IT WAS hot and sultry the night the Minster burned. York had been in the grip of sweltering temperatures for so long that farmers were desperate for rain.

In the early hours of Monday, July 9, 1984, lightning flickered across the night sky was made all the more eerie by the lack of thunder. Then, at about 2.30am, a fire alarm shattered the silence around the deserted Minster. It automatically triggered an alarm at the Clifford Street fire station, where members of Red Watch were on duty.

Firefighters were regularly called out to false alarms at the great Gothic cathedral. It was only as they sped into Deangate 12 minutes later that the men of Red Watch realised that this time it was for real. The air was hazy with smoke, and flames could be seen on the Minster roof.

There was a detailed plan in place for what to do should the worst ever happen and the Minster catch fire.

After a moment’s shock, the men of Red Watch swung smoothly into action.

They quickly established that the fire was in the space between the South Transept roof and the ceiling below. Ladders were set up in the aisles in the galleries running down both sides of the South Transept. But burning wood and lumps of molten lead forced the firefighters to evacuate.

Urgent reinforcements were sent for, and a fire command unit set up. The fire was spreading towards the Minster tower from the gable end of the South Transept. Despite heroic efforts, it became clear firefighters could not save the South Transept roof. The great fear was that the fire would spread into the Nave or Central Tower. The decision was taken to try to collapse the South Transept roof to prevent that happening.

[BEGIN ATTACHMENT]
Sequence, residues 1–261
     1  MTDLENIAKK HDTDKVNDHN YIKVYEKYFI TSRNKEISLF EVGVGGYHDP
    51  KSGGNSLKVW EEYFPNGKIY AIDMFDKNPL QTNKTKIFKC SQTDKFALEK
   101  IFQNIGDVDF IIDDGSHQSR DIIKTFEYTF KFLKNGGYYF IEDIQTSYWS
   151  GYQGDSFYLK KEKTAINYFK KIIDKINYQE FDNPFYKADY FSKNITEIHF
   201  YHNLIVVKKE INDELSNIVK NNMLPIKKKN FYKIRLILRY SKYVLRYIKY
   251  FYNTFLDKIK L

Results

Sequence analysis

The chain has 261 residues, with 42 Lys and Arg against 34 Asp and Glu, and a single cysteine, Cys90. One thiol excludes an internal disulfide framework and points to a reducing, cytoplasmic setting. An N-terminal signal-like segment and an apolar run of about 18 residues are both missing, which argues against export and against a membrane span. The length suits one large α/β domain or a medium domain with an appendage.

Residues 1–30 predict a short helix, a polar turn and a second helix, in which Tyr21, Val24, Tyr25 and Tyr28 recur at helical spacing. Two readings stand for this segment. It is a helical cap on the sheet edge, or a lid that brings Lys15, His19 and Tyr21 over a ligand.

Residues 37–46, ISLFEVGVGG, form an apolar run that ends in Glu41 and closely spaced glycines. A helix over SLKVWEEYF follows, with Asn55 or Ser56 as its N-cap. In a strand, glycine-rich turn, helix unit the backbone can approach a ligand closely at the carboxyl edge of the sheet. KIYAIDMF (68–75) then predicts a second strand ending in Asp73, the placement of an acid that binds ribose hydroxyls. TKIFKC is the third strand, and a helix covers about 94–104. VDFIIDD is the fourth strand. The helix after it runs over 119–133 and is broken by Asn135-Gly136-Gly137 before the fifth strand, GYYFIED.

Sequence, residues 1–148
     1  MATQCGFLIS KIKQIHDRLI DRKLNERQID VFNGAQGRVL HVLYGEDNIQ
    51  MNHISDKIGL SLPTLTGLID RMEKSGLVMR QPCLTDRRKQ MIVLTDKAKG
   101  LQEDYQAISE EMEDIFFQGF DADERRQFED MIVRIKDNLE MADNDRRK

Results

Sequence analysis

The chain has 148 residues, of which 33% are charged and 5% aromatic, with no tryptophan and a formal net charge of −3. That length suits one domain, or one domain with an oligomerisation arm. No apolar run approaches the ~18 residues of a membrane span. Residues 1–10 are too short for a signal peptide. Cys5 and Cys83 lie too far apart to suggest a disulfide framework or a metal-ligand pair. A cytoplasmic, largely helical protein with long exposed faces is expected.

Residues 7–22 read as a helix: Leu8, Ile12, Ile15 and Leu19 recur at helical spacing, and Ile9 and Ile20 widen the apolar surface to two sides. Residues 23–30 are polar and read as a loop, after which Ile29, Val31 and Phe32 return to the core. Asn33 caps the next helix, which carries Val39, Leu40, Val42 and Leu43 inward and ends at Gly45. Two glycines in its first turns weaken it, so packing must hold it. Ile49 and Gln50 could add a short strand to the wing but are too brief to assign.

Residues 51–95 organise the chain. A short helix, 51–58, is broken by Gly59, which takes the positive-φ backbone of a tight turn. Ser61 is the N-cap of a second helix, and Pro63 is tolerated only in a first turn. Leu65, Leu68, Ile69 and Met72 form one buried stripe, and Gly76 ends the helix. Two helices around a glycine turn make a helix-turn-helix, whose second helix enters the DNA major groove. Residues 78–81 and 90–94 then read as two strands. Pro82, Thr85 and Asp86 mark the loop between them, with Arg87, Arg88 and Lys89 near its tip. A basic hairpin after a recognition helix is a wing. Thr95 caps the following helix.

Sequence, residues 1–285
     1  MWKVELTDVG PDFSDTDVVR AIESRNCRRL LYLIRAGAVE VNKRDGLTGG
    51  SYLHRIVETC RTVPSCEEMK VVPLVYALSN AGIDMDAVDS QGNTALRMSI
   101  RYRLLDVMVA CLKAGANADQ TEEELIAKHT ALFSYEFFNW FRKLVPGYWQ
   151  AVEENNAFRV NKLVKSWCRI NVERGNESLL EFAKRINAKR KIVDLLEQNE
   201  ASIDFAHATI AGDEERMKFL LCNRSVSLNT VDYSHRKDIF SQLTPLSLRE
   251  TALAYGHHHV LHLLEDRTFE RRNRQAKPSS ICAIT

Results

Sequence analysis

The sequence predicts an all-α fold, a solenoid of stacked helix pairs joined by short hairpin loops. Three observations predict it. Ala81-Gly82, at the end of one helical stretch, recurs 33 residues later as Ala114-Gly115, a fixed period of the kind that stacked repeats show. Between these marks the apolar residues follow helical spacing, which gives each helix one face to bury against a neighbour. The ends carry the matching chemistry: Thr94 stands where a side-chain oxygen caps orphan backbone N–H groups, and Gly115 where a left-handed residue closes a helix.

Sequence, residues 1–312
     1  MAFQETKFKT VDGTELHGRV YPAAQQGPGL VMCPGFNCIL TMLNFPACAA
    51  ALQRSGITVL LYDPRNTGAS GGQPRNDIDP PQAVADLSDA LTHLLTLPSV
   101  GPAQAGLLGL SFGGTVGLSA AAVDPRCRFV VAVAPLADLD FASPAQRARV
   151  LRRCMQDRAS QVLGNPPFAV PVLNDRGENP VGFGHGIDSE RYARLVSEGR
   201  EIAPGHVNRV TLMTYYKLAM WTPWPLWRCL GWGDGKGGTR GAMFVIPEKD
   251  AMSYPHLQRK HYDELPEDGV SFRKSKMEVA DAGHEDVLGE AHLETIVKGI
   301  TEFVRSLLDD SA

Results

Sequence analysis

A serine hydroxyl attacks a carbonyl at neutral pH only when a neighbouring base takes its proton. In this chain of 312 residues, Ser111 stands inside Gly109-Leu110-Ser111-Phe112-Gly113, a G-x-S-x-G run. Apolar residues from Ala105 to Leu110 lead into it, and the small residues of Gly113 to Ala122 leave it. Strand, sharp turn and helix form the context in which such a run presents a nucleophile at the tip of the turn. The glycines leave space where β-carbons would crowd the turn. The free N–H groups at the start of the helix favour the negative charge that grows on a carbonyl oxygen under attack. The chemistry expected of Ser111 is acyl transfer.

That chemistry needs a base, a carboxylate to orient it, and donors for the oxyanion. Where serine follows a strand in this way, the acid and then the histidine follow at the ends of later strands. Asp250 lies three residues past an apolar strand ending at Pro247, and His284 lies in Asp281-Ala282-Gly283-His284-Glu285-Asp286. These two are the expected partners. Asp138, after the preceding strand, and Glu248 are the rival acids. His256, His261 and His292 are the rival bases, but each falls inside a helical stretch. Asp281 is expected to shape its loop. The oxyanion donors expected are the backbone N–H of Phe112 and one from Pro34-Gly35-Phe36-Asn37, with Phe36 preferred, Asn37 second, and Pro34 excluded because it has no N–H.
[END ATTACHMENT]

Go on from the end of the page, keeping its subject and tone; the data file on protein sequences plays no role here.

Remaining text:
A powerful jet of water was aimed at the burning timber at the end furthest away from the Central Tower. It collapsed, bringing the rest of the South Transept roof down with a a roar. Timber smashed down on to the Minster floor, but the great building had been saved.

At 5.24am, with the first grey light of dawn spreading across the scene of devastation, firefighters were able to signal that the blaze was under control.

It was estimated that at times the fire had reached temperatures of 1,000C. Twelve of North Yorkshire’s 21 fire stations were mobilised, and 114 firefighters and ten officers were directly involved in battling the blaze.

The damage was estimated at the time to run to more than £1 million. But as he stood in the wreckage and surveyed the scene, Peter Gibson of the York Glaziers Trust, who was soon to become internationally famous for saving the Rose Window, noticed that the cross above the South Transept gable was still standing. “It was badly cracked, but it was there,” he said. “It was a symbol. I knew that one day it (the Minster) would be all solid again.”

And so it proved. Just over four years later the Queen visited to inspect a Minster that had been restored to its full glory.

But without the heroic efforts of North Yorkshire’s firefighters that night, it could have been so much worse.